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California Public Utilities Commission Considering Two Last Mile Projects

February 18, 2014

California Public Utilities Commission Considering Two Last Mile Projects

By Michael Guta
TMCnet Contributing Writer

The final leg of the communication network that delivers connectivity to retail customers is referred to as the last mile in the telecommunications industry. As the number of fiber optic networks continue to increase in the face of growing consumer demand for gigabit speeds, fiber to the home (FTTH) connections replacing copper in coaxial cables are becoming the norm. Because the established infrastructure has to be replaced with this new technology, however, the associated costs often prohibit deployment. But service providers across the country are facing pressure to use this technology in order to provide the ultra-high Internet speeds consumers demand.

The California Public Utilities Commission (CPUC) is considering two draft resolutions for the approval of a total of $343,000 in grants and loans from the California Advanced Services Fund (CASF) to pay for the building of part of the infrastructure that will be needed to provide 100 Mbps broadband service in Monterey County for two underserved communities. The projects are part of a proposal by Surf Net Communications, an Internet service provider in the Santa Cruz region.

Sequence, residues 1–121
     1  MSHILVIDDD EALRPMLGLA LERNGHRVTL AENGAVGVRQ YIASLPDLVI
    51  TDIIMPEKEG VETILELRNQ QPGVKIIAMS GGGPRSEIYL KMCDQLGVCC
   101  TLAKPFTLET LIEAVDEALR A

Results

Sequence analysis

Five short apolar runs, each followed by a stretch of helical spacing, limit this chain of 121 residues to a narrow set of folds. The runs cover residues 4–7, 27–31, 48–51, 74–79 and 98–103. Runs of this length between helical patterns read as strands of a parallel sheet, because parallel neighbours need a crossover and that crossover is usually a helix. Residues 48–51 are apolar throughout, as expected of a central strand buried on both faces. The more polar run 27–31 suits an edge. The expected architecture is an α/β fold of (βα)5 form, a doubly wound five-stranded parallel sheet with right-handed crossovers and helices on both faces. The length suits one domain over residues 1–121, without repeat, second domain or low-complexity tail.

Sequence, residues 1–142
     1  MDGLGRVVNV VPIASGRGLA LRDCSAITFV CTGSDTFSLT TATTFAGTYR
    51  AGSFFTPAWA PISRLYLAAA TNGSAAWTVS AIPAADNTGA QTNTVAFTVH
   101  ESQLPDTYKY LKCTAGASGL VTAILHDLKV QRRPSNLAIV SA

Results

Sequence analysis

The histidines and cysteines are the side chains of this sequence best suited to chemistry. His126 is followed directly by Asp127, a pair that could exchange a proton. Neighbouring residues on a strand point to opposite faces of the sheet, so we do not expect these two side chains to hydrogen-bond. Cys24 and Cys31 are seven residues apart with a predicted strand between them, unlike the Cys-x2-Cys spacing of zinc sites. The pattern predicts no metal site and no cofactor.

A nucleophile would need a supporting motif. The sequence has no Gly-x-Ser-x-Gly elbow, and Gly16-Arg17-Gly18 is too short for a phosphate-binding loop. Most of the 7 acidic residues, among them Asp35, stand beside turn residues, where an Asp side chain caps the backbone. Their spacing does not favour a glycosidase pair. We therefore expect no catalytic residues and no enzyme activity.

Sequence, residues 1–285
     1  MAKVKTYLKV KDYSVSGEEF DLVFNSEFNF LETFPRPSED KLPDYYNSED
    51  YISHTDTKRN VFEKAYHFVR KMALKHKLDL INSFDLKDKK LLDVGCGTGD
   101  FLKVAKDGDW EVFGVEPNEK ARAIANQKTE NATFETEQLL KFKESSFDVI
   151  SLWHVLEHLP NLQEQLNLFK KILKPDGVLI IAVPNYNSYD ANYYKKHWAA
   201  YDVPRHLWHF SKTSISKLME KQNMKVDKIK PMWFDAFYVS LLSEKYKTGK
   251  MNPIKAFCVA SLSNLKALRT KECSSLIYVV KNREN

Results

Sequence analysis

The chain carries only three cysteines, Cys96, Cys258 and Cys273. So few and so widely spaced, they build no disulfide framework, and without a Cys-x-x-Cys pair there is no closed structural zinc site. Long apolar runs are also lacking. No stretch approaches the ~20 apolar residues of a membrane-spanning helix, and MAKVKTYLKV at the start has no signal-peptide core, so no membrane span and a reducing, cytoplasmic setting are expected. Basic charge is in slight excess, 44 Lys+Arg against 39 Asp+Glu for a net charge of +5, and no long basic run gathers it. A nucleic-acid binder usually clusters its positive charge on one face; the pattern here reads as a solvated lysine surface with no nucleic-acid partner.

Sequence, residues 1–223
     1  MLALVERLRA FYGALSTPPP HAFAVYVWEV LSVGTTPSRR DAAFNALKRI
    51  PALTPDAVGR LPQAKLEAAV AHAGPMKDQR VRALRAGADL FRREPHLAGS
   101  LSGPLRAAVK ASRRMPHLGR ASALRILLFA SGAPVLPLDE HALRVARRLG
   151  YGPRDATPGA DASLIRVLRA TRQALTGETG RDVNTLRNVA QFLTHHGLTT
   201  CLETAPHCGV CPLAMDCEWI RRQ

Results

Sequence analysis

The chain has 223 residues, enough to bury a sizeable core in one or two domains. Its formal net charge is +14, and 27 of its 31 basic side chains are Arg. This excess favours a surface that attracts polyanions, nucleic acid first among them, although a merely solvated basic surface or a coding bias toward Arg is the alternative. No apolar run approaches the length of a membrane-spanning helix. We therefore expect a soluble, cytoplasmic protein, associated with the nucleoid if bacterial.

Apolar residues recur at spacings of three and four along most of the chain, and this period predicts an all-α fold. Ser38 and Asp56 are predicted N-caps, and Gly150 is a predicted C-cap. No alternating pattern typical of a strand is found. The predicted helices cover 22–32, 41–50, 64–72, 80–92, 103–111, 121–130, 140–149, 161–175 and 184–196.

The first location, situated in the mouth of the Salinas Valley, consists of a group of 120 homes in the Monterey Dunes community. The plan would require upgrading the existing copper wires. The second location consists of 300 homes in the Paradise Road area, and for these installations, the plan is to bring fiber-to-the-home service.

These projects rely on a 91 mile middle fiber network, which will be undertaken by Sunesys LLC if the subsidies are successfully raised and approved by the CPUC and the CASF.

As a middle-mile project, the beneficiaries will be Internet service providers and institutional users, which makes it a difficult case to make to the residents living in these depressed communities. The goal of the project has been championed by many different organizations and endorsed by local governments, including the Central Coast Broadband Consortium, but the project still faces an uphill battle.

Because of the lack of resources Sunesys is asking the CASF to fund at least 83 percent of the total project cost of $13.3 million. If the commissioners don't approve the exception for this funding, the company will be limited to the arrangement that is currently in place, which will only subsidize $7.4 million. 

Edited by Blaise McNamee
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